These variables may differ from client to client. Even clients who appear to have identical problems may have different wants and needs or different expectations regarding service which may affect the fee. For example:
• Does the client want something in a rush?
• Does this client require additional reporting?
• Will you be dealing with one person within the organization or more than one?
• Will working for this client mean that you have to forego other business or postpone other work? You do not need to anticipate every possible scenario, but you should articulate the kinds of problems or contingencies that may arise in order to avoid surprises.

Establish Billing Practices – Train Your Clients and Make it Easy to Pay
Your actions set the tone for your clients and how they will treat you throughout the engagement. It is incumbent upon you to explain these practices and procedures and get your client to acknowledge and agree to them at the outset. If you are consistent, your clients are much more likely to be consistent. Let your clients know when to expect your bill, what the bill will contain, and when and how the client is expected to pay. Then follow through. If you do not respect your own procedures, clients will not respect them either.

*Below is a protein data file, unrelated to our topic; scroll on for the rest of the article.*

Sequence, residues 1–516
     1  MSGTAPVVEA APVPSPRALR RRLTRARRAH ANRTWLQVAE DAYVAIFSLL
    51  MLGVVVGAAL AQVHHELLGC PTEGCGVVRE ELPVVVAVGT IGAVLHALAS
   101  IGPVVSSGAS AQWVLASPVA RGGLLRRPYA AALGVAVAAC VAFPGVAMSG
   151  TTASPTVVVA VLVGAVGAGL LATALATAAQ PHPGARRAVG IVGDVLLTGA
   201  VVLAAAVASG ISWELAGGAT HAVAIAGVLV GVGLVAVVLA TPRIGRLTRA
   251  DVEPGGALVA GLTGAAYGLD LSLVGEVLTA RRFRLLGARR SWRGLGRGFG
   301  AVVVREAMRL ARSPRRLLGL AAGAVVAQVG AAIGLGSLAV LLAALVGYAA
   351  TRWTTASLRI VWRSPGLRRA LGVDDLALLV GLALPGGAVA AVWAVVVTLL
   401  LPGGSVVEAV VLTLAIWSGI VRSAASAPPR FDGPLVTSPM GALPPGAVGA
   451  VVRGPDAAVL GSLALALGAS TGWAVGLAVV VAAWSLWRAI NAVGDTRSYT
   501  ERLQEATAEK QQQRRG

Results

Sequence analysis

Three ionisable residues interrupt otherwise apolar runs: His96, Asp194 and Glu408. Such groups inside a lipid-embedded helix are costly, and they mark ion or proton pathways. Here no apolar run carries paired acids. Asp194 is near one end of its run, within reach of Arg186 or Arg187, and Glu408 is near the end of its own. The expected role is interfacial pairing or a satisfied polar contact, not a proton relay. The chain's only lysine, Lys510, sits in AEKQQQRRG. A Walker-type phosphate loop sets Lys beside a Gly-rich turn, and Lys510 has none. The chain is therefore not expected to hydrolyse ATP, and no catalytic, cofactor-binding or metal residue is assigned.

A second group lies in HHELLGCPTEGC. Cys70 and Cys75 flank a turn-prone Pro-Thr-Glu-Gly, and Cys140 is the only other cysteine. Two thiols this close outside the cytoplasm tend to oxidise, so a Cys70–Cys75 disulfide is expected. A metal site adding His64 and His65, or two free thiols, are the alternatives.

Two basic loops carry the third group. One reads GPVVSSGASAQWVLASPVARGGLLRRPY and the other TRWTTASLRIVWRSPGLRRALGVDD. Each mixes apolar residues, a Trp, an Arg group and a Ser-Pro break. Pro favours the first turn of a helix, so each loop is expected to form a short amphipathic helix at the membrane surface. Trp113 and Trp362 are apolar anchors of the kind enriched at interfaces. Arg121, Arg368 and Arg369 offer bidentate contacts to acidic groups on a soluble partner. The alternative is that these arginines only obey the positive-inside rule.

If you are hesitant, unsure or unclear about your fees, the method or timing of payment or other terms, clients will not take your fees seriously. Of course, the best billing practice of all is to deliver an exceptional client experience and follow through on all of the promises you make to a client. When you do that, collecting your fee will be much easier.

Allison C. Shields is President of Legal Ease Consulting, Inc. a practice management and business development consultant who helps lawyers create productive, profitable and enjoyable law practices and develop fee structures that work for lawyers and their clients. Contact her at or at 631-642-0221, or visit her website,, or blog at

1. Ethically, lawyers cannot guarantee results, but you can and should discuss the client’s desired outcomes and what will be required to reach the client’s goals. 2. Fees are addressed in the New York State Code of Professional Responsibility, Rule 1.5, Fees and Division of Fees, which can be found at: